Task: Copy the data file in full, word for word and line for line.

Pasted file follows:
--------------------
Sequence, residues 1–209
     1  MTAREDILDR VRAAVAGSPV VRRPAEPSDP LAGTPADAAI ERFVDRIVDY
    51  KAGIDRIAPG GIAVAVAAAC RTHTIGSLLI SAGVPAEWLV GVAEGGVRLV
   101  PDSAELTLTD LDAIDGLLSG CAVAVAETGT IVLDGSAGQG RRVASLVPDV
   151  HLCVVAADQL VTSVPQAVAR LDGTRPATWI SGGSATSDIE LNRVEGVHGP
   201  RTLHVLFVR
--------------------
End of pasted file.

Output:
Sequence, residues 1–209
     1  MTAREDILDR VRAAVAGSPV VRRPAEPSDP LAGTPADAAI ERFVDRIVDY
    51  KAGIDRIAPG GIAVAVAAAC RTHTIGSLLI SAGVPAEWLV GVAEGGVRLV
   101  PDSAELTLTD LDAIDGLLSG CAVAVAETGT IVLDGSAGQG RRVASLVPDV
   151  HLCVVAADQL VTSVPQAVAR LDGTRPATWI SGGSATSDIE LNRVEGVHGP
   201  RTLHVLFVR